End-to-end High Dynamic Range Camera Pipeline Optimization

  • Nicolas Robidoux

  • Luis Eduardo Garci­a Capel

  • Dong-eun Seo

  • Avinash Sharma

  • Federico Ariza

  • Felix Heide

CVPR 2021




With a 280 dB dynamic range, the real world is a High Dynamic Range (HDR) world. Today's sensors cannot record this dynamic range in a single shot. Instead, HDR cameras acquire multiple measurements with different exposures, gains and photodiodes, from which an Image Signal Processor (ISP) reconstructs an HDR image. HDR image recovery for dynamic scenes is an open challenge because of motion and because stitched captures have different noise characteristics, resulting in artefacts that the ISP has to resolve - in real time and at triple-digit megapixel resolutions. Traditionally, hardware ISP settings used by downstream vision modules have been chosen by domain experts. Such frozen camera designs are then used for training data acquisition and supervised learning of downstream vision modules. We depart from this paradigm and formulate HDR ISP hyperparameter search as an end-to-end optimization problem. We propose a mixed 0th and 1st-order block coordinate descent optimizer to jointly learn ISP and detector network weights using RAW image data augmented with emulated SNR transition region artefacts. We assess the proposed method for human vision and image understanding. For automotive object detection, the method improves mAP and mAR by 33% compared to expert-tuning and by 22% compared to recent state-of-the-art. The method is validated in an HDR laboratory rig and in the field, outperforming conventional handcrafted HDR imaging and vision pipelines in all experiments.


Nicolas Robidoux, Luis Eduardo García Capel, Dong-eun Seo, Avinash Sharma, Federico Ariza, Felix Heide

End-to-end High Dynamic Range Camera Pipeline Optimization

CVPR 2021

HDR Optimization for Human Viewing


Scenarios used for HDR perceptual IQ optimization.

Seven scenarios used for end-to-end loss-based HDR optimization for perceptual IQ and corresponding ISP output. Top row: Expert-tuned results. Middle row: Results with the proposed method. Bottom row: Zoom-ins where for each triple, the first enlargement shows a crop of one of the captures in the top row (expert-tuned), the second, optimized with the proposed method (from the second row), and the third, the corresponding area of the displayed chart (second triple also shows monitor logo outside of the chart). The proposed method preserves detail at all luminance levels. (Gamma correction applied to facilitate crop visualization.)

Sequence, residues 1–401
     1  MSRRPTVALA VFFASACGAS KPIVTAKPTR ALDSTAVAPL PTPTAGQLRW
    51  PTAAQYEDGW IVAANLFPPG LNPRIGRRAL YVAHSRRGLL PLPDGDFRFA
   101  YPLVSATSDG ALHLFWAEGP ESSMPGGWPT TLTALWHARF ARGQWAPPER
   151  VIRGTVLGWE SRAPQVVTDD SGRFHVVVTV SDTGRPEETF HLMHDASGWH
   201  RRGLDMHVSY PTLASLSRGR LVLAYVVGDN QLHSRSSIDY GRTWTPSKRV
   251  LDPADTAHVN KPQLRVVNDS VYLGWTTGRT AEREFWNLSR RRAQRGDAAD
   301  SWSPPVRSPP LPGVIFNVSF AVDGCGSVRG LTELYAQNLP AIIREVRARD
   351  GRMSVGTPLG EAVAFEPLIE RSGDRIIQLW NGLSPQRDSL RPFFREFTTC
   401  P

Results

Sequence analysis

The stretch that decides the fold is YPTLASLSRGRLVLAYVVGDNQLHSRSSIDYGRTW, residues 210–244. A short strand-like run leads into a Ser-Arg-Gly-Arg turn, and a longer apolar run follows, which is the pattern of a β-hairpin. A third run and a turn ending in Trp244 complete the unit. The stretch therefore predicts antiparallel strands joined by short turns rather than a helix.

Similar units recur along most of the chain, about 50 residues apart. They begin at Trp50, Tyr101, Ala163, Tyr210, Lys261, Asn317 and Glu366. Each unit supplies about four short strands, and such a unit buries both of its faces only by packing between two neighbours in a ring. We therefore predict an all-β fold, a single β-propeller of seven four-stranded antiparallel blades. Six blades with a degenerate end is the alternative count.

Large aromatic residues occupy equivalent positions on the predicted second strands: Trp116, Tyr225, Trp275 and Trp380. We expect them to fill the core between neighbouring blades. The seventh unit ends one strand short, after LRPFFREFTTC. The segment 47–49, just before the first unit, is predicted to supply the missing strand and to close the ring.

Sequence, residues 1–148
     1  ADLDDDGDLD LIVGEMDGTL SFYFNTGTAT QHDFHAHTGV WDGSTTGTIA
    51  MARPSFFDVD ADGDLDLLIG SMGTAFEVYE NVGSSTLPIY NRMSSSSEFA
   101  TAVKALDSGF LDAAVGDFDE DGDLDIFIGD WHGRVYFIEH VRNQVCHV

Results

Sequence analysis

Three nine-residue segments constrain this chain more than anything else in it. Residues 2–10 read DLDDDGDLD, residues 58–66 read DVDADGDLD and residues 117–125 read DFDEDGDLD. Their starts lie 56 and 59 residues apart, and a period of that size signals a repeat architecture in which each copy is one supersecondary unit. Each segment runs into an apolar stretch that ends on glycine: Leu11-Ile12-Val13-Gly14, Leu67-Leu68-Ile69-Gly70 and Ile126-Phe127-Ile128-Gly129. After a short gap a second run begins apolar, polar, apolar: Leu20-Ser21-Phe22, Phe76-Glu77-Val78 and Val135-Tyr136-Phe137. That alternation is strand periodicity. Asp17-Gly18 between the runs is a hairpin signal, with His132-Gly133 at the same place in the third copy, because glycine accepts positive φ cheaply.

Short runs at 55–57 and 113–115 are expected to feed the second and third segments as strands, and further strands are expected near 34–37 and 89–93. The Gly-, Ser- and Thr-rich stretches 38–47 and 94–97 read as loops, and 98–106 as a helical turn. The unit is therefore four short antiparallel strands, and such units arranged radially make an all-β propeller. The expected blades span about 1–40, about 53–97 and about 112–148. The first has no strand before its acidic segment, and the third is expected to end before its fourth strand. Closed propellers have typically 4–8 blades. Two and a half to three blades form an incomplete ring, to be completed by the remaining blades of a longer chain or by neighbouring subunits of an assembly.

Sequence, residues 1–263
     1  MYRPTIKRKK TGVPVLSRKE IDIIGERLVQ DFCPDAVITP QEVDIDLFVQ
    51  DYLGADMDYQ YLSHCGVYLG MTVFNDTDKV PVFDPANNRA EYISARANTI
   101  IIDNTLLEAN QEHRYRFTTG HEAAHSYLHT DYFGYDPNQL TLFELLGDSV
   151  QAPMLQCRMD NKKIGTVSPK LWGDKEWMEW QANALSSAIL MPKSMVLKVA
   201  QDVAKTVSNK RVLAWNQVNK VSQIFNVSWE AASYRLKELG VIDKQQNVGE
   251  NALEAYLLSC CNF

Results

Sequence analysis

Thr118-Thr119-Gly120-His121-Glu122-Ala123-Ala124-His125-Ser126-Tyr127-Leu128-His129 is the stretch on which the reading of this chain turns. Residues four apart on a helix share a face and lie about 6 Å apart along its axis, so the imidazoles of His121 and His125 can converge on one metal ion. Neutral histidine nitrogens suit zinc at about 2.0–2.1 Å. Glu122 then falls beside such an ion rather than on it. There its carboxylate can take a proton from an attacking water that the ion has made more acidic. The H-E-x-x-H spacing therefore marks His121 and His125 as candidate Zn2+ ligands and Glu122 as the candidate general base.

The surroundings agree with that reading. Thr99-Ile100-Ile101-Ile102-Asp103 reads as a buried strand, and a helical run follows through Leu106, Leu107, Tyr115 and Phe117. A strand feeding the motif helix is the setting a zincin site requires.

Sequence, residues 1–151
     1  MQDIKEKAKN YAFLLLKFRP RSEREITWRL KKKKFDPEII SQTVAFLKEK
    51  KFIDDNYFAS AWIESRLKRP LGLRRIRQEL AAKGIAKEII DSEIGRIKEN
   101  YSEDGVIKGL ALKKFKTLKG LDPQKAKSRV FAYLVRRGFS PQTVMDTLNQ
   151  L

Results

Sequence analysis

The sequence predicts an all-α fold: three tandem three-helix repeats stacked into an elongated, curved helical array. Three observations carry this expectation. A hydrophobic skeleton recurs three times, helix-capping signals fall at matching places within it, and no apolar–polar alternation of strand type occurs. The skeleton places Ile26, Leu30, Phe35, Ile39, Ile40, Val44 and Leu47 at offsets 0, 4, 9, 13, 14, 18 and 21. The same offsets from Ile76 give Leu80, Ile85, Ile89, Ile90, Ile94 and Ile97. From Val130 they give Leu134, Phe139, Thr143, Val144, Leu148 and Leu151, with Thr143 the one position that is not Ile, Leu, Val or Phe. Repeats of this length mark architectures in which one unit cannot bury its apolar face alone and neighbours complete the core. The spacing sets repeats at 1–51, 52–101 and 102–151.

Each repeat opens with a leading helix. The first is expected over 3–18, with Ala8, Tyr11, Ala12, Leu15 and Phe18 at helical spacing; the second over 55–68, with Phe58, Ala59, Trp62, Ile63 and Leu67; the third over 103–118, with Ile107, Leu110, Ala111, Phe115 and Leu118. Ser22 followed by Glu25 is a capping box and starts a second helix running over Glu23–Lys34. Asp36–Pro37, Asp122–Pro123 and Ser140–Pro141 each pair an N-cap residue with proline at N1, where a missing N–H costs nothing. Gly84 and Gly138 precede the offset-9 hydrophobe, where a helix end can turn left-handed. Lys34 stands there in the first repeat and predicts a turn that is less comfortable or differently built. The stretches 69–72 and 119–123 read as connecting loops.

Results of ISP optimization for perceptual IQ.

Results of ISP optimization for human viewing. Top two rows: HDR lab scene. Bottom two rows: Real-life HDR scene. Rows 1 and 3: Results with expert-tuned settings. Rows 2 and 4: Results with settings obtained with the proposed method. The proposed method provides more detail and better dynamic range compression and local contrast. Please zoom in. (Gamma correction applied to facilitate crop visualization.)

Joint HDR and CNN optimization for object detection and classification


Mosleh et al. [1]

Proposed (1 iteration)

Proposed (converged)

Results of joint sensor, ISP and CNN optimization for car and pedestrian detection with an automotive camera.

First column: Expert-tuned sensor and ISP with fine tuned image understanding CNN. Second column: Sensor and ISP optimized with Mosleh et al. [1] (extended to sensor optimization) with fine tuned CNN. Third column: One iteration of the proposed joint sensor, ISP and CNN optimization method. Fourth column: Converged results with the proposed joint sensor, ISP and CNN optimization method. By raising contrast within the 14-bit ISP output, the proposed method significantly outperforms both expert-tuned and Mosleh et al. [1]. (Zoom to see confidence scores and class labels.)


[1] Ali Mosleh, Avinash Sharma, Emmanuel Onzon, Fahim Mannan, Nicolas Robidoux, and Felix Heide. Hardware-inthe-loop end-to-end optimization of camera image processing pipelines. In Proceedings of the IEEE/CVF Conferenceon Computer Vision and Pattern Recognition (CVPR), June 2020.